Cleft palate in Snai2-/- and Snai1+/- Snai2-/- neonatal mice

We have described previously construction of targeted null alleles of the Snai1 and Snai2 genes, including a Snai2lacZ targeted knock-in allele (Carver et al., 2001; Jiang et al., 1998b). Observation of the progeny of Snai2+/- intercrosses after birth revealed a striking reduction in the number of Snai2-/- mice at weaning. When observed shortly after birth, some Snai2-/- progeny presented with severe abdominal distention from air accumulation and absence of milk in the stomach, both due to cleft secondary palate. Further analysis revealed that approximately 50% of Snai2-/- neonates presented with cleft palate. Penetrance of cleft palate increased to 100% in Snai1+/- Snai2-/- neonatal mice, revealing functional redundancy between these two gene family members (Fig. 1A,B). Histological analysis revealed that the palatal shelves of Snai1+/-Snai2-/- embryos at E15.0 elevated normally and came into contact at the midline (Fig. 1C,D). However, the shelves failed to form an MES and fuse. It is likely that the subsequent growth of the head caused separation of the unfused palatal shelves, resulting in the cleft secondary palate observed at birth.

To better understand the potential roles of the Snai1 and Snai2 genes in palate development, we analyzed and compared their expression patterns during palatogenesis. Snai1 gene expression was assessed by in situ hybridization, while Snai2 expression was determined by β-galactosidase expression of the Snai2lacZ allele (Jiang et al., 1998b). At E13.5, the Snai1 gene was expressed throughout the palatal shelf mesenchyme, with particularly high levels in the cells underlying the MEE at the anterior and along the medial aspect of the shelf mesenchyme at the posterior (Fig. 1E,F). At E14.5, strong expression was observed in the palatal mesenchyme just adjacent to the newly formed MES (Fig. 1G,H), consistent with a previous report (Martinez-Alvarez et al., 2004). Snai2 expression at E14.5 was more diffuse, but was present throughout the palate mesenchyme and epithelium (Fig. 1I,J). Interestingly, we noted an enhancement of β-galactosidase expression from the Snai2lacZ allele on a Snai1+/- heterozygous genetic background (Fig. 1J versus 1I), suggesting that a compensatory mechanism regulating gene expression levels may exist between these two genes.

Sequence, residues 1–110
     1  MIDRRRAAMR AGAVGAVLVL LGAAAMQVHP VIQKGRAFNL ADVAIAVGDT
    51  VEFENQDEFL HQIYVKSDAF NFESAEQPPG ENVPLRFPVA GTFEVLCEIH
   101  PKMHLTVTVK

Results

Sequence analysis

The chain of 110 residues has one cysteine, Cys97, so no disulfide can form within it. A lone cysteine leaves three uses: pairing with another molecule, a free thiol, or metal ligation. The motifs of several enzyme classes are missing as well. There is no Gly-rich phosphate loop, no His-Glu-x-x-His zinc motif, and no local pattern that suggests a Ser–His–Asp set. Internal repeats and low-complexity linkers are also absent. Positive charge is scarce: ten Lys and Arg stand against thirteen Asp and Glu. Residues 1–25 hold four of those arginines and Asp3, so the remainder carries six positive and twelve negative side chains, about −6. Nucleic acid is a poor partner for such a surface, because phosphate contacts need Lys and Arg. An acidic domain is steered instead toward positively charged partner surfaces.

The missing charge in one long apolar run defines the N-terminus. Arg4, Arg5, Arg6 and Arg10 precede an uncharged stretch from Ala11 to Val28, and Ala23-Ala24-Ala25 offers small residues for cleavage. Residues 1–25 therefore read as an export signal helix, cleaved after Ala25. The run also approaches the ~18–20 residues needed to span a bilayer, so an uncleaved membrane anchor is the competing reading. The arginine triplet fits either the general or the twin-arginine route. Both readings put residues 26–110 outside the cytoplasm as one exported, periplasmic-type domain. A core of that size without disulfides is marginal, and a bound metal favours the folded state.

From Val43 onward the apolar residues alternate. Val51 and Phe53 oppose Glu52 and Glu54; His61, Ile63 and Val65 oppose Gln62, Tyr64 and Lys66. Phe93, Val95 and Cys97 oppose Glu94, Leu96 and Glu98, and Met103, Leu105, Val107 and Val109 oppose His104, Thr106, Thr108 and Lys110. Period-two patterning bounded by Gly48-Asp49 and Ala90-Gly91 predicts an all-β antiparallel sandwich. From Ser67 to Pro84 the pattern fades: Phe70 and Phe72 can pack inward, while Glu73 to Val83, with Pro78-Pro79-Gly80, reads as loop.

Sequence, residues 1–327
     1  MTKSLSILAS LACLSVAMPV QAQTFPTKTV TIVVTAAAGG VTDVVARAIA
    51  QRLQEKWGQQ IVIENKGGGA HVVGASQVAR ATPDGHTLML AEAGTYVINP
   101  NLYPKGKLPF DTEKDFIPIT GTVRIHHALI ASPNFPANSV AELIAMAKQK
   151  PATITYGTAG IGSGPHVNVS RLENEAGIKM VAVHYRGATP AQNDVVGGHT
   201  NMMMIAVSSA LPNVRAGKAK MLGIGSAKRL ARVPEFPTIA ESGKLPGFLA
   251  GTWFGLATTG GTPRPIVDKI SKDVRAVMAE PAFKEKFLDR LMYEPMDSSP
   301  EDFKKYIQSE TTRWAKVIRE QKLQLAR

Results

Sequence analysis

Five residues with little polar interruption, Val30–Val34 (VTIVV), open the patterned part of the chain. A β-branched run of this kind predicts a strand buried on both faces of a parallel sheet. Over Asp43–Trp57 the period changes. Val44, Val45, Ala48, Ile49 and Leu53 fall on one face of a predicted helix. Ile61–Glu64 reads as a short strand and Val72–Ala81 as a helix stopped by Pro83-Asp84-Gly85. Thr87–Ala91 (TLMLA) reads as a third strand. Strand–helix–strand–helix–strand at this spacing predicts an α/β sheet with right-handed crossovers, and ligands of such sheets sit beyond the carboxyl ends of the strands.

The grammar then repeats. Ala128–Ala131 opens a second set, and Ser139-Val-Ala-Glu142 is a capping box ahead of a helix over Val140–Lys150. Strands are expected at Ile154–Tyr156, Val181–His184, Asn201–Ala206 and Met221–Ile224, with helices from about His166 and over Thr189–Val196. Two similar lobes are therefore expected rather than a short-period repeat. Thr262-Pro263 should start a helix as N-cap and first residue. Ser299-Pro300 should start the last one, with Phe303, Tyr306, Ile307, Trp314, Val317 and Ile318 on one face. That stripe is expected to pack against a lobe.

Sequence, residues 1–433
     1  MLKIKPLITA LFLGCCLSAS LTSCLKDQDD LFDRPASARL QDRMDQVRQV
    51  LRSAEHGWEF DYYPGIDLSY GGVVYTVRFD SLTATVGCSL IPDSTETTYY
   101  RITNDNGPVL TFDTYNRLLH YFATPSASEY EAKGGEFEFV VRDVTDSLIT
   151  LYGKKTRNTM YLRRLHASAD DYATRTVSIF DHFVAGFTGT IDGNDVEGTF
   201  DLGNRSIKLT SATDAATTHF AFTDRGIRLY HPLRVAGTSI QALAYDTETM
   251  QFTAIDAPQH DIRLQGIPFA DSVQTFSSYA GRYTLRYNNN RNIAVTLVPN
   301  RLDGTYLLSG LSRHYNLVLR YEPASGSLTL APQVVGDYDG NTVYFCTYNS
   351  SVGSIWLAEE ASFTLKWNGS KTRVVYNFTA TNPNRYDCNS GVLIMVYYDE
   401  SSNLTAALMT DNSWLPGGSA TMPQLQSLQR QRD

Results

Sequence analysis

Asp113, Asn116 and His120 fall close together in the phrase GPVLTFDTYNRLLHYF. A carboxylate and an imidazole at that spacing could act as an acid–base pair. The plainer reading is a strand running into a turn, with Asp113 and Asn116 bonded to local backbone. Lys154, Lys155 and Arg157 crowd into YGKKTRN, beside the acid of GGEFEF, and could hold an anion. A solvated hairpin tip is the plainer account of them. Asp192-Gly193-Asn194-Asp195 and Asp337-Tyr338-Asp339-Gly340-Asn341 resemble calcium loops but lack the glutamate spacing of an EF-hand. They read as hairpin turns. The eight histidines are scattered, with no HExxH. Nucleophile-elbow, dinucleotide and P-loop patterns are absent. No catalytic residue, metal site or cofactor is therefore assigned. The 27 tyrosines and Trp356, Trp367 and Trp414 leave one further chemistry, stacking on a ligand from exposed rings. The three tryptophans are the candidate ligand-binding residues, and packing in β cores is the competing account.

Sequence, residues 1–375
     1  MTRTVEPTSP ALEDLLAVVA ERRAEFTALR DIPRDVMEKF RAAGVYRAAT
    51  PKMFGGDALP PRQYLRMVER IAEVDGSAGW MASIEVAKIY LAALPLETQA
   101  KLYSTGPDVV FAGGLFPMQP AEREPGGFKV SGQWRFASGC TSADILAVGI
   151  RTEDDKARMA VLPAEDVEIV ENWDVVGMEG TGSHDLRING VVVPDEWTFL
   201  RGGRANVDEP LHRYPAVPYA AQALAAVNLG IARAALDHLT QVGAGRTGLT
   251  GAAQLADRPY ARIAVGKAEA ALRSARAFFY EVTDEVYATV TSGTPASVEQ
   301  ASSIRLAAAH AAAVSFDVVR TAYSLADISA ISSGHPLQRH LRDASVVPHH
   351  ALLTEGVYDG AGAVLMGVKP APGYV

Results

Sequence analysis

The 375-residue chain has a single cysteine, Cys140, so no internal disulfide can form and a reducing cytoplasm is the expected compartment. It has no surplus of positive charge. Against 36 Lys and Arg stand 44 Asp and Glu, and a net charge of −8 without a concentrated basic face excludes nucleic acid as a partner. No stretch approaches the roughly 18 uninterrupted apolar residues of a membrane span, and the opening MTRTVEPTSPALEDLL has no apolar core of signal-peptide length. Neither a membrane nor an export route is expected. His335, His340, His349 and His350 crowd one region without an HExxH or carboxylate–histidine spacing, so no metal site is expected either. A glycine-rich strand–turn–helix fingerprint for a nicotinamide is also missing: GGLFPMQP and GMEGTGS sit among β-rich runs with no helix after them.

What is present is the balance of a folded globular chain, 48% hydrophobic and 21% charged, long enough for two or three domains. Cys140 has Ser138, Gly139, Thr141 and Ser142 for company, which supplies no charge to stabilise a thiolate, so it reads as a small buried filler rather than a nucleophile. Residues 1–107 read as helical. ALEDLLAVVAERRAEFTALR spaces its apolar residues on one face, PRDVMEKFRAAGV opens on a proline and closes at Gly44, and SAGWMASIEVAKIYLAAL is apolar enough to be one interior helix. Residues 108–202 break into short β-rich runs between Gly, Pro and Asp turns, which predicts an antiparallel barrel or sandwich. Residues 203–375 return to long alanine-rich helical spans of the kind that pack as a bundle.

Fig. 1.

The Snai1 and Snai2 genes are essential for palate development. (A,B) Scanning electron micrographs showing cleft secondary palate at E17.5 in Snai1+/- Snai2-/- mutant embryos. (C,D) Coronal sections at E15 showing the fused secondary palate in control embryos (C), and the adjacent, but unfused palatal shelves in Snai1+/- Snai2-/- mutant embryos (D). (E-H) Expression of the Snai1 gene in the developing palate of E13.5 and 14.5 embryos. Note the expression in the palatal shelf mesenchyme at each stage and the strong expression adjacent to the MES at E14.5 (inset). (I,J) Snai2 expression, detected by β-galactosidase activity of the Snai2lacZ allele, showing widespread expression in the palatal shelf mesenchyme and nasal/oral epithelia. Note the increase inβ -galactosidase activity in mice with deletion of a single Snai1 allele (J). ns, nasal septum; ps, palatal shelf; t, tongue; tb, tooth bud. Scale bar: 100 μm in C,D,I,J; 200 μm in E-H.